The federal Bankruptcy Code gives wide discretion to individual bankruptcy judges to issue orders, including the authority to impose sanctions on a debtor or other party for acts that it finds to be unlawful or otherwise counter to the purpose of a bankruptcy case. A “sanction” is a punishment for conduct that takes place during the litigation process. A federal district court recently affirmed a bankruptcy court’s sanctions order in a Chapter 7 case, which found bad faith on the part of the debtors and assessed monetary damages. In re Kellogg-Taxe (“K-T I”), No. 2:15-cv-00084, order (C.D. Cal., Dec. 7, 2015).
Multiple federal statutes and rules permit courts to impose sanctions. The Bankruptcy Code gives courts broad power to “issue any order, process, or judgment that is necessary or appropriate to carry out the provisions of this title.” 11 U.S.C. § 105(a). See also, e.g. Fed. R. Civ. P. 11; Fed. R. Bankr. P. 9011; Chambers v. Nasco, Inc., 501 U.S. 32 (1991). In the order under appeal in the Kellogg-Taxe case, the bankruptcy court reviewed the caselaw interpreting § 105(a), which recognized “the inherent power to sanction vexatious conduct presented before the court.” In re Kellogg-Taxe (“K-T II”), No. 2:13-ap-01781, mem. of dec. at 13 (Bankr. C.D. Cal., Dec. 16, 2014), quoting In re Rainbow Magazine, Inc., 77 F.3d 278, 284 (9th Cir. 1996).
To sanction a party or its counsel, a court must find that the conduct in question “constituted or was tantamount to bad faith.” K-T II at 13, quoting Leon v. IDX Sys. Corp., 464 F.3d 951, 961 (9th Cir. 2006). A bankruptcy court’s “inherent sanction authority,” however, differs from federal district courts’ “civil contempt power.” K-T I at 6, citing In re Dyer, 322 F.3d 1178, 1196 (9th Cir. 2003). While civil contempt authority allows a court to impose sanctions for violations of specific orders, inherent sanction authority goes further, “allow[ing] a bankruptcy court to deter and provide compensation for a broad range of improper litigation tactics.” Dyer, 322 F.3d at 1196.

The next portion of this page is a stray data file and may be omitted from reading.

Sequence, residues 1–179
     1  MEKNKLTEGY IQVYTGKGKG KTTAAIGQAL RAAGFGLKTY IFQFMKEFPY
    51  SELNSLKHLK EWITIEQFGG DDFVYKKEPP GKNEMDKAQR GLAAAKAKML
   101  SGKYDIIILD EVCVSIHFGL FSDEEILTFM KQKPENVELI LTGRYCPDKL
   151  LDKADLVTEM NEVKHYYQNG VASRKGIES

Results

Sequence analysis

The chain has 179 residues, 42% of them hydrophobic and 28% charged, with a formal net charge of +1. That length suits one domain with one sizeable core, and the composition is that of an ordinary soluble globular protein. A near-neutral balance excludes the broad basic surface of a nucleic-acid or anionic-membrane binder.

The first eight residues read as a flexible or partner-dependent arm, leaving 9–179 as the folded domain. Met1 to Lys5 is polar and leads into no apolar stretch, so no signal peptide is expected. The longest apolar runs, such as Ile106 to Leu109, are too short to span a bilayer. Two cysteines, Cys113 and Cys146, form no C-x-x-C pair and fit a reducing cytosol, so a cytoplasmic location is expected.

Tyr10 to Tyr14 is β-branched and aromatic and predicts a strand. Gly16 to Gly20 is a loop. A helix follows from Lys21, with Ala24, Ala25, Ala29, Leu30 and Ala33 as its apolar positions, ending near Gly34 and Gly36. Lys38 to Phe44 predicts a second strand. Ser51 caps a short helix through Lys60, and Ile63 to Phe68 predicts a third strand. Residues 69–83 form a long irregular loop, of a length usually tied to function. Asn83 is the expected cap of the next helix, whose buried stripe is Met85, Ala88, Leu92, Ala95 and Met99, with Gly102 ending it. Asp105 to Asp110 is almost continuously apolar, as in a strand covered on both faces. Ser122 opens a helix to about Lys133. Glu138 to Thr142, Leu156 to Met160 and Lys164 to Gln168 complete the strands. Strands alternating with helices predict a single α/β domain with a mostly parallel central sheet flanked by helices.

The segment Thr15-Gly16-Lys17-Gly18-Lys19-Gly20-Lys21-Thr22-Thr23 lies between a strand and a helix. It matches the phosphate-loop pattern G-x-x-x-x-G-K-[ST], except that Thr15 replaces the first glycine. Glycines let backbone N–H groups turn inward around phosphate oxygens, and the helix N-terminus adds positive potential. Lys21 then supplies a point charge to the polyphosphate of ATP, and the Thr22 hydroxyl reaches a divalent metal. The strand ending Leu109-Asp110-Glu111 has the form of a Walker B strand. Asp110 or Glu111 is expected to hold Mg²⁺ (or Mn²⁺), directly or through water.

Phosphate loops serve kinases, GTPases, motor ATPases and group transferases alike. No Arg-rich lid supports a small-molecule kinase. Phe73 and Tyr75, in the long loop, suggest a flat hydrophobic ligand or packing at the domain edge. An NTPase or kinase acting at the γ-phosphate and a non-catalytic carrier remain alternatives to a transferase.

The facts of the Kellogg-Taxe case are, in the bankruptcy court’s words, “extremely complex and involv[ing] numerous parties and prior court decisions spanning nearly 30 years.” K-T II at 3. The issues surrounding the debtors appear to have begun with a lawsuit filed in Los Angeles Superior Court in the 1980s, resulting in a judgment against the debtors in excess of $2 million in 1989. A series of lawsuits followed, as well as multiple loans taken out by the debtors that were secured by various properties. The debtors filed for Chapter 7 bankruptcy in December 2012, identifying only one secured creditor in their petition. After some disputes emerged between the debtors and several creditors, the trustee filed an adversary proceeding to quiet title to one property.
In 2014, the trustee moved for sanctions against the debtors and several non-parties. The bankruptcy court granted the motion, finding that the individuals in question “participated in perpetuating a scheme that has been found to be fraudulent by several state court rulings since 1994.” K-T II at 14. The district court affirmed the ruling, noting that it could only review the lower court’s order “under the abuse of discretion and clearly erroneous standards,” and it found that the debtor did not “overcome this high standard.” K-T I at 11.
Since 1997, bankruptcy lawyer Devin Sawdayi has advocated for individuals and families in the Los Angeles area who are dealing with financial distress. We help our clients obtain relief in Chapter 7 and Chapter 13 bankruptcy cases. To schedule a free and confidential consultation with a knowledgeable, experienced, and compassionate financial advocate, contact us today online or at (310) 475-939.
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